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Authors Guild: Amazon was Google’s Target

Authors Guild: Google Yanked Readers out of Online Bookstores Through Mass-Digitization Program

Amazon was Google’s prime target, says appellate brief

NEW YORK, NY – In a sharply worded appeal, the Authors Guild today renewed its contention that Google has enhanced its search engine, driven customers away from online booksellers, increased its advertising revenue and stifled its competition by digitizing, distributing and monetizing millions of copyright-protected books without permission or payment.

Roxana Robinson, Authors Guild president, issued the following statement:

“Authors and authors alone have the right to decide whether and how their books are converted to e-books. Yet in its effort to gain commercial advantage over competitors, particularly Amazon, Google chose to usurp that basic right, putting authors’ works and livelihoods at risk. Without the permissions that Amazon had painstakingly acquired for its Search Inside the Book program, Google digitized authors’ works in order to lure book buyers away from online booksellers to its turf, seeking to bring countless eyeballs to its ads. Google is yanking readers out of online bookstores.

There’s a far better way forward. Congress should create a National Digital Library that would be available at every campus and in every community. Libraries, research institutions, authors and corporations can all coexist peacefully, but the first step is to stop the theft of books.”

The Authors Guild first sued Google in 2005, citing “massive copyright infringement” in developing its Google Book Search database. The Guild filed its brief this afternoon with the U.S. Court of Appeals for the Second Circuit Court in Manhattan.

A National Digital Library
The Authors Guild proposes that Congress establish a collective management organization, similar to ASCAP, to license digital rights to out-of-print books. Authors, publishers and other rights holders would be paid for the use of their works, and they would have the right to exclude their books from any or all uses. The collective management organization’s authority would be strictly limited, however. It would not license e-book or print book rights (only the author or other rights holder could do that), and it wouldn’t collect its administrative fee until it paid the rights holder.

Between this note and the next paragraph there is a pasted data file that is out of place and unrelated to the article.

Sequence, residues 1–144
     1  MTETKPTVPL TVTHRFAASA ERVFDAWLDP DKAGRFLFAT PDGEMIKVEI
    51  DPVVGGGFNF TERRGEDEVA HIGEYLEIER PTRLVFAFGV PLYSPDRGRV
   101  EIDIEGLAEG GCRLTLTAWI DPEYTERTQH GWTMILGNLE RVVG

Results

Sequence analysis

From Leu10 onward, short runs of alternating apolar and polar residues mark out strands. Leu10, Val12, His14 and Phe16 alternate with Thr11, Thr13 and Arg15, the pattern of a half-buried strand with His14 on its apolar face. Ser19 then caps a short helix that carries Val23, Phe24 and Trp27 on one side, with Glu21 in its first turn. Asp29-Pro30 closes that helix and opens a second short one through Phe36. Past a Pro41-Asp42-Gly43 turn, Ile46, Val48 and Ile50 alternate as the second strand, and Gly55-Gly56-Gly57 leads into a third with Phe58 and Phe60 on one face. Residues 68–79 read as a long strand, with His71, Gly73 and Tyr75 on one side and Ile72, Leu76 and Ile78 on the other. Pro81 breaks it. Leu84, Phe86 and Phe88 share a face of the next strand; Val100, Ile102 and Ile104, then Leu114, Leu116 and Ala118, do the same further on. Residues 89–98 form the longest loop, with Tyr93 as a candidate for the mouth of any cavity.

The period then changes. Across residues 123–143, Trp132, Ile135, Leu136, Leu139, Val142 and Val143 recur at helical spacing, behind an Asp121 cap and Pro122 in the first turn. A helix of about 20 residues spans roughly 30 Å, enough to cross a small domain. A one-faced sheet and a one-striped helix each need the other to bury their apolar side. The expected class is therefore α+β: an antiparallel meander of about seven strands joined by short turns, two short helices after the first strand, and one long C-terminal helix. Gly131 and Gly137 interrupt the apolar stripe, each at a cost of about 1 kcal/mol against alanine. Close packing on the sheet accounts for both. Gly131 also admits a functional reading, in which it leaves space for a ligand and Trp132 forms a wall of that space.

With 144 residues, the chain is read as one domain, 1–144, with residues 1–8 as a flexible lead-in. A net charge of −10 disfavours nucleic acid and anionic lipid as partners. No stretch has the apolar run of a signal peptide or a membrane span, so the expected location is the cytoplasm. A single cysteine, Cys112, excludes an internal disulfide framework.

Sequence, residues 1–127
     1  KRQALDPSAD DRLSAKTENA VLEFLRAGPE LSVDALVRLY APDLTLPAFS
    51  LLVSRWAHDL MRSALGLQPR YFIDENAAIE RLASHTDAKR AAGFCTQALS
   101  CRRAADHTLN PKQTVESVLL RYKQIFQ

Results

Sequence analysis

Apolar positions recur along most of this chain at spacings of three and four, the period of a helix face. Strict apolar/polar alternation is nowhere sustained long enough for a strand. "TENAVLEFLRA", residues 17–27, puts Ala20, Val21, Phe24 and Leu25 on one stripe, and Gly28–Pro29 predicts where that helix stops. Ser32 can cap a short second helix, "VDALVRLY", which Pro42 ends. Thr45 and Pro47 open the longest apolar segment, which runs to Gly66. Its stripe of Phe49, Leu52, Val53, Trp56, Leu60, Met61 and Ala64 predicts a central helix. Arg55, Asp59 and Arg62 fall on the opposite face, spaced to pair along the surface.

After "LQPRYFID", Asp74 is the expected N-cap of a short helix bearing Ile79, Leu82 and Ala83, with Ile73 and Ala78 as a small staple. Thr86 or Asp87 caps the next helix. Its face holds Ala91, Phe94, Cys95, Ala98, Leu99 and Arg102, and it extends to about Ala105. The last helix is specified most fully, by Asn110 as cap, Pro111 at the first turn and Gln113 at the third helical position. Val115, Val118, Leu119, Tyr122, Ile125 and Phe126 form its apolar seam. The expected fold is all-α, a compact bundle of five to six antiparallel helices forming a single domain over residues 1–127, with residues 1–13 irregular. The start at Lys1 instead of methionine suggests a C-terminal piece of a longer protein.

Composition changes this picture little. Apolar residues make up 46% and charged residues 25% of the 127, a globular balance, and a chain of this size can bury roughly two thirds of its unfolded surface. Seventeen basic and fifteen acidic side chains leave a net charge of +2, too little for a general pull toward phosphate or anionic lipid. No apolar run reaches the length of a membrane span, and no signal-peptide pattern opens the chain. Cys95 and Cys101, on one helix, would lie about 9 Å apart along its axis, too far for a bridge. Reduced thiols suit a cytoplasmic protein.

The National Digital Library would display full book pages, not mere “snippets.” It would be the equivalent of a great research library that anyone can view from their dorm room or through access to a high school, public library or other subscribing institution. It would be a level-the-playing-field leap for small colleges, remote libraries and communities everywhere. It would help level other playing fields, as well. The National Digital Library’s digitized text and digital page images would be fully accessible to the visually impaired.

Bulletin Board

This week’s batch of contest includes awards for poetry, creative nonfiction, and fiction. The deadline for each is May 15.

The James Laughlin Award is given to honor a second book of original poetry, in English, by a citizen of the United States. To be eligible, a book must have come under contract with a United States publisher between between June 1, 2013 and June 1, 2014. Suggested length is between 40 and 75 pages. The winner will receive $5,000. Deadline: May 15, 2014. For more information, please visit the website.

The Georgia Review is currently accepting submissions for the Loraine Williams Poetry Prize for a single poem, originally written in English and never before published either in print or online. Work previously published in any form or submitted simultaneously to other journals will not be considered. Entries may include up to three poems, but no more than a total of ten pages. The winner will receive $1,000 and publication in The Georgia Review. Entry fee: $15. Deadline: May 15, 2014. For more information, please visit the website.

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Along Publishers Row

by Campbell Geeslin

The deep lines of a life of adventure—of “searching”—are vivid in a photograph of Peter Matthiessen’s face in Sunday’s The New York Times Magazine.